A preliminary report cites damage to a stabiliser as the cause of the crash of a helicopter in Semenyih that claimed the lives of six people, including then Rompin MP Jamaluddin Jarjis, on April 4.
Transport Minister Liow Tiong Lai, who revealed this today, said the left fenestron horizontal stabiliser apparently suffered damage when the helicopter landed at a school in Muadzam Shah, Pahang, while flying from Pekan to Subang, Selangor.
He said that an investigation and examination at the landing point showed that the left wheel had sunk into the soft earth at the football field of Sekolah Kebangsaan Ladang Kota Bahagia, Rompin.
The probe showed that the helicopter had tilted as much as 13 degrees after the wheel sank 20 inches into the earth during the landing at the field, he said.
"This type of helicopter has two stabilisers, one on the left and the other on the right, at its tail. The landing probably damaged the left fenestron horizontal stabiliser and the vertical fin.
"There were also traces of excess fluid leak where the left wheel had sunk into the earth and on the grass about 10 metres in front of the landing spot, resulting when the pilot lifted off to hover," he told a news conference on the preliminary report on the crash, at the ministry here.
Besides Dr Jamaluddin, who was a former minister and Malaysia's special envoy to the United States, the crash also took the lives of Principal Private Secretary to the Prime Minister, Azlin Alias; businessman Tan Huat Seang; Jamaluddin's bodyguard Corporal Razkan Seran, pilot Captain Clifford Fournier and Aidana Baizieva, an acquaintance of the pilot.
Najib's daughter's wedding
All of them were on their way home after attending the wedding reception in Pekan of the daughter of Prime Minister Najib Tun Razak and Rosmah Mansor, Nooryana Najwa, and Daniyar Kessibayev.
Liow said the left stabiliser fin of the helicopter had yet to be found, and called on the people of Kampung Sungai Pening in Semenyih to contact the ministry immediately if they were to find it.
The stabiliser could provide the clue as to whether the damage resulted from impact upon landing or a mechanical fault, he said.
"This is to ascertain the cause of the stabiliser dislodging from the body of the helicopter. We need detailed simulation to identify the location and exact cause of the damage to the fin and know how the aircraft crashed," he said.
Liow said the report stated that the audio record showed that the pilot was concerned over the leak of the hydraulic fluid when the helicopter took off at 4.25 pm from the school field.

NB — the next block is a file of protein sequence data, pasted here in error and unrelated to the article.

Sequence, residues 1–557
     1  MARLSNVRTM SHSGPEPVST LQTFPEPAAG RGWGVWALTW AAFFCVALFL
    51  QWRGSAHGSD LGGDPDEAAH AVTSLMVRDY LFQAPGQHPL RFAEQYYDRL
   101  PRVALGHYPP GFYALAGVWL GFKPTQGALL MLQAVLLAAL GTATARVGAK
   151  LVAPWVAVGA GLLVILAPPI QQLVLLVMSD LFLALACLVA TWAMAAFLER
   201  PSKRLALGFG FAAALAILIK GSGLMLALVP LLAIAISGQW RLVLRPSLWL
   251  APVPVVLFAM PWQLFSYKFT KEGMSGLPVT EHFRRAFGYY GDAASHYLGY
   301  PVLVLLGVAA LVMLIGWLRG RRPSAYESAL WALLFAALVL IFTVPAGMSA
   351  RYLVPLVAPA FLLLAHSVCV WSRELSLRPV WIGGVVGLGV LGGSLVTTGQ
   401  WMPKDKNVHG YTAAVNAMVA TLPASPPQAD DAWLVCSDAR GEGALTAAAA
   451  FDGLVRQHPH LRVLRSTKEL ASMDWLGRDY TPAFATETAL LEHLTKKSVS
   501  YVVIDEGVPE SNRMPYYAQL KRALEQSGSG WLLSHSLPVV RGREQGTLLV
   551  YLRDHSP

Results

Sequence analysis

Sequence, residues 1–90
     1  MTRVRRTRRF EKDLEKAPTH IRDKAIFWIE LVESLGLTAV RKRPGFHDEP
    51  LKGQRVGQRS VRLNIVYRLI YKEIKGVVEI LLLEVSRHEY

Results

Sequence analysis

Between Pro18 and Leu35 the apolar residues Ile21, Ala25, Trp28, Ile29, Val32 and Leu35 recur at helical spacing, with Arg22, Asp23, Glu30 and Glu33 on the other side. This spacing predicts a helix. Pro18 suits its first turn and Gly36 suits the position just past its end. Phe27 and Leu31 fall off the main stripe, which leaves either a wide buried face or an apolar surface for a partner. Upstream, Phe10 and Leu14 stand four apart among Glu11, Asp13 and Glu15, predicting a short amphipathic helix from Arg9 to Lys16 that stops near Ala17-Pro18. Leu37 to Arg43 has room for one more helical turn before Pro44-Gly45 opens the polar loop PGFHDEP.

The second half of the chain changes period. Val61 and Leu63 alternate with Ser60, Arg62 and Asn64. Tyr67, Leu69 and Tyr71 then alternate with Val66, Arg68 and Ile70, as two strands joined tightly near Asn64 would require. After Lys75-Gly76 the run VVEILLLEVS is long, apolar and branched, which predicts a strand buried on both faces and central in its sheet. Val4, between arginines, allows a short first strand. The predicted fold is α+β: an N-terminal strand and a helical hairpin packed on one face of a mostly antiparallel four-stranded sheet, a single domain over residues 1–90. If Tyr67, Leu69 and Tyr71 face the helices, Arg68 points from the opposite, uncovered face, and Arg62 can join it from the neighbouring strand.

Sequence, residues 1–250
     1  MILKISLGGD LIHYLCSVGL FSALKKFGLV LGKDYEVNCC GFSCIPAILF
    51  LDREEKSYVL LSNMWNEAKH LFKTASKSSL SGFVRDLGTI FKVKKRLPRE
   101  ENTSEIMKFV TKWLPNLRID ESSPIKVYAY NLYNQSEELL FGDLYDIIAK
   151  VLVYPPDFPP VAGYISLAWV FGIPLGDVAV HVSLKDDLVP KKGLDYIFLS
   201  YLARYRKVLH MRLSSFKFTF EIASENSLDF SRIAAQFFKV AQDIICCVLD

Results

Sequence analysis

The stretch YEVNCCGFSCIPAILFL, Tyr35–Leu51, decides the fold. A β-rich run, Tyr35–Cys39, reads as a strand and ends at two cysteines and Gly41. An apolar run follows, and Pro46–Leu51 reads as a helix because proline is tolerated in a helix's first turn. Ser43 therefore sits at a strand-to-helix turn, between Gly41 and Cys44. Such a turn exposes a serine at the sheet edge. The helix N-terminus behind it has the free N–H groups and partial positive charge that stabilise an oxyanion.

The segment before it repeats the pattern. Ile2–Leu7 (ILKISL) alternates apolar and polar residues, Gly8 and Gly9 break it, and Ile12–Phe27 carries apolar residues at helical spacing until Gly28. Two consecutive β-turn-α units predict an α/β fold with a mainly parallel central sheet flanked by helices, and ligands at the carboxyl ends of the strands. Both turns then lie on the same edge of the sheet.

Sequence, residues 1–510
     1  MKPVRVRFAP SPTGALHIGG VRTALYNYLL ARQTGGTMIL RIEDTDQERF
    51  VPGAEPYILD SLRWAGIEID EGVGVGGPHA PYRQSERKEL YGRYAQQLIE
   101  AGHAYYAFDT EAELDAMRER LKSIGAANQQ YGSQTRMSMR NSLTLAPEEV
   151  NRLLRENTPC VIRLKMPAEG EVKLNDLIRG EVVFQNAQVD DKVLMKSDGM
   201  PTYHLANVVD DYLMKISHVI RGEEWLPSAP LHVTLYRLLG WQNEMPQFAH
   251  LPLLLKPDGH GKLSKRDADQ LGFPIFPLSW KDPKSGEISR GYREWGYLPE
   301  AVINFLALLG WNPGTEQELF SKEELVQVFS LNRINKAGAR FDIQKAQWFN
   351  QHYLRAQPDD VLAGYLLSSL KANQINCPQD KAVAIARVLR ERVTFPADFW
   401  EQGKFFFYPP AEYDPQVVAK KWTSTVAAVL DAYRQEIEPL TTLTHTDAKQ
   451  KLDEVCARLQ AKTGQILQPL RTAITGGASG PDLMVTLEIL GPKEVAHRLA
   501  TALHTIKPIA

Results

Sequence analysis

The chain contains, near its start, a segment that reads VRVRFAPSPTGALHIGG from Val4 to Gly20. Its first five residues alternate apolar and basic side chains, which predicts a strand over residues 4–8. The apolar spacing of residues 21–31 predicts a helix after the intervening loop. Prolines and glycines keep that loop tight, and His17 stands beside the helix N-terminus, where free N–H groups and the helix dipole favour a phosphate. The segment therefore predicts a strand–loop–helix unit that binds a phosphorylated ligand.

Didn't make any distress call
Bukit Ibam state assemblyman Datuk Wan Kadiri Wan Mahussin had alighted from the helicopter at the school field.
"We also know that between 4.31 pm and 4.52 pm, the pilot did not make any distress call. Nevertheless, another helicopter that had flown nearby radioed to say that the ill-fated helicopter suffered a sharp drop and crashed," he said.
Expressing sadness over the incident and the loss of two close colleagues, Jamaluddin and Azlin, Liow said the preliminary report did not attempt to find fault but was meant to reveal what actually happened.
The minister gave the assurance that the Air Accident Investigation Bureau would continue with the probe to determine the cause of the sharp drop and all relevant factors that resulted in the crash.
Liow said the Department of Civil Aviation (DCA) would scrutinise recommendations contained in the report.
"These include a review on the procedure for single pilot helicopter operations to facilitate passenger embarkation or disembarkation with the engine and main rotor running," he said.
Among other recommendations are that the DCA ensure that private category operators observe flight operations limitations in their respective category, and determine the necessity for flight manifest for all private flights.
"So far, there is no requirement for private helicopters to inform air traffic control on the route and destination of landing points before the flight commences.
"It is better for pilots to keep in constant contact with the tower; is one of our recommendations to DCA," he said.
Liow agreed to a suggestion that the pilot might have breached his duty on safety procedure standards, failing to inspect the aircraft when something unusual happened.
Asked about the woman passenger, he said there was no indication that she was handling the helicopter at any time.
On the black box being analysed in France, Liow said this was the normal practice because Malaysia did not have the capability to extract information from black boxes.